Though at this point Tap – a multi-national organization – has fewer active American writers than it does those from far-flung realms, we’d nonetheless like to take a moment and wish all our readers a very happy Thanksgiving Thursday. For the majority of the world, it is just a normal day. But it’s the day Americans congregate with relatives they largely despise, consume poorly-prepared turkey with a slurry of bread and spices shoved up its ass, get drunk, then fall asleep on the sofa before waking and stumbling into the kitchen to make and consume sandwiches from what remains of the dessicated bird carcass.
An interesting new trend observed during this day of celebration (we’re celebrating our pioneer ancestors’ survival of New England’s bitter winter on account of help from Natives we would later slaughter to a man) is the “Turduckhen,” which takes all the dry, flavorless appeal of a turkey and runs with it. Big time.
Remember above how I mentioned the bread and spices in the turkey’s ass? This is called “stuffing,” on account of being “stuffed” up the turkey.
Once the animal has been cooked to a crispy-on-the-outside, dry-as-sawdust-on-the-inside consistency, this “stuffing” is removed and put in a pan. Wise families then bake it further, because “stuffing” never cooks thoroughly inside the turkey and is an excellent source of food poisoning (which shouldn’t be surprising; Turkey Ass Bread frankly sounds unsanitary). In either case it’s then served alongside the turkey; along with a cylinder of cranberry-flavored gelatin in the shape of the can it came in; a revolting combination of green beans, dried onions, and cream of mushroom soup; and pumpkin pie, which is delicious.
Anyway, “stuffing,” Americans have realized, is not the only substance one can stuff into a turkey. The sky’s the limit. See, a turkey’s a pretty big animal. We’re talking 18-30lbs, and that’s after they’ve been beheaded, plucked, and eviscerated. With that in mind there’s a fair amount of square footage inside a turkey – where its innards used to be – space that could be filled with all manner of fascinating objects and substances.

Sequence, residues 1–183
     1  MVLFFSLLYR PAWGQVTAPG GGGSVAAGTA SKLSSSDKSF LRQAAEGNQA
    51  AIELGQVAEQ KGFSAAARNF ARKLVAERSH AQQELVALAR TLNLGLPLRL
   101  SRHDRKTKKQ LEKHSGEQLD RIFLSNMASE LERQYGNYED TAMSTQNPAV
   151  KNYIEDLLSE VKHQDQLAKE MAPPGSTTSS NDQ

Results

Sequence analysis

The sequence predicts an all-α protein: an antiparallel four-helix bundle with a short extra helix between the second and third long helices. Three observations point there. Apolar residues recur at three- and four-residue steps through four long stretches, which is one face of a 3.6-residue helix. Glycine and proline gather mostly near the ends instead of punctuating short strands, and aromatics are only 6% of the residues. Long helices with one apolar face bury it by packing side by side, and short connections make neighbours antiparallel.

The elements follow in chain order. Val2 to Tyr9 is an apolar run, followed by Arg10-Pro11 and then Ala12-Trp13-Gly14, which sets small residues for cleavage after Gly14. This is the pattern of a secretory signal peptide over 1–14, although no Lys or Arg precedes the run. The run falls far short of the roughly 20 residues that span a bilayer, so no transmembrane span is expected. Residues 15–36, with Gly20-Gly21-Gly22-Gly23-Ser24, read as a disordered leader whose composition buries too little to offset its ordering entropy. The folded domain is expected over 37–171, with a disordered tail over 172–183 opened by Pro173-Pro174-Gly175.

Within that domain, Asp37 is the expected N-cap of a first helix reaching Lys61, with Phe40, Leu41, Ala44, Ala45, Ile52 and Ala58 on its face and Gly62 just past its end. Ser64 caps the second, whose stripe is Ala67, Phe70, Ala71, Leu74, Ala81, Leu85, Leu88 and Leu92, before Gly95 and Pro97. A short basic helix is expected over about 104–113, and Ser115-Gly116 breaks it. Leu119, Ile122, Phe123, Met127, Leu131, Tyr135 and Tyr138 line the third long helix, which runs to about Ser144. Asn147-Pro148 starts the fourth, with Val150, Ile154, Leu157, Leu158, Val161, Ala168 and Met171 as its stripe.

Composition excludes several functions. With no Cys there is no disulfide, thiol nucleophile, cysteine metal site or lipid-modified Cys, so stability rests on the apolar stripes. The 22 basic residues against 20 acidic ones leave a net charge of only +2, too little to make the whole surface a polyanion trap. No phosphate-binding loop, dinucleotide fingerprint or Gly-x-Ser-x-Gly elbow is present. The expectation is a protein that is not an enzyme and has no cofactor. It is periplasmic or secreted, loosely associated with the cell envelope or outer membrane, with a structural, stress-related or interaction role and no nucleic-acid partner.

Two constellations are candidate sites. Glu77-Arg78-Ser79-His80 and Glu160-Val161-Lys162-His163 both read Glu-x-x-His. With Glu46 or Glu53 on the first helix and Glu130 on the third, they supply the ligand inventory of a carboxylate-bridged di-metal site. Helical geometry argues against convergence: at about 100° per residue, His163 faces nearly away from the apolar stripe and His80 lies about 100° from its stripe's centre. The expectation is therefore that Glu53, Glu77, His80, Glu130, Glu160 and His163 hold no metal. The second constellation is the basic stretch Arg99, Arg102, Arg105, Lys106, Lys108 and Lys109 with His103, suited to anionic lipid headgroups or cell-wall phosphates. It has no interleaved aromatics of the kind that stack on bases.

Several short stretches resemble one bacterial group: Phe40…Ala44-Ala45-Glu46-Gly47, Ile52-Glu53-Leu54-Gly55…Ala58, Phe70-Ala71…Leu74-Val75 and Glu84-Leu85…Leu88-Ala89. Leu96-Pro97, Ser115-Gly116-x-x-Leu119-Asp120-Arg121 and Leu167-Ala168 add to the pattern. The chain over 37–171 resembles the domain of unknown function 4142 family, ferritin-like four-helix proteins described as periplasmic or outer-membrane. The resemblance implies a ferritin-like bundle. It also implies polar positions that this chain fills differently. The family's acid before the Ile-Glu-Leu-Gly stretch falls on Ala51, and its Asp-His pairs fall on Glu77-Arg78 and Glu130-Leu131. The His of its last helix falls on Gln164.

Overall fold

Thus did some enterprising soul take a turkey and ram a duck into it.
And since cornholing a turkey with a duck is insufficiently ambitious, this visionary chef then took a Cornish hen and shoved that into the duck. Result? A Turduckhen:
You’ll note, if you look carefully, that they still managed to get some stuffing between each of the layers, like insulation. I am confident that, given time, someone will invent the Turduckhenquail, leading inevitably to a sort of culinary arms race in which ever smaller consumables are inserted into the turkey shell, until we reach the most infinitesimal possible food.
Then the process will obvert, because large as a turkey is, it’s no ostrich. Turduckhen becomes Osturduckhen. Becomes Boarosturduckhen. Becomes Cowboarosturduckhen. Until eventually elephants get involved. And even then, someone will try to deep fry it. Someone always does.
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That cranberry-flavored gelatin was a huge part of my childhood. Knowing full well I can now make my own (better) from actual cranberries, I still must have the canned stuff… ’cause it’s nostalgic… and I’m inherently lazy.
Happy eat-’til-you-puke-then-eat-some-more Day!
1. Who wrote this? Don’t hide.
2. I feel like whatever I’m gonna eat on Thanksgiving, regardless of how good it may be, will pale next to the Turduckhen in my mind. If only I’d known about it earlier, I would have tried to arrange to have it for lunch tomorrow.
3. It’s interesting to note that of all American holidays, Thanksgiving is the one most often adopted first by immigrants. They’ve done anthropological studies into this. Something to do with holidays based on food and family always being the most popular with new comers.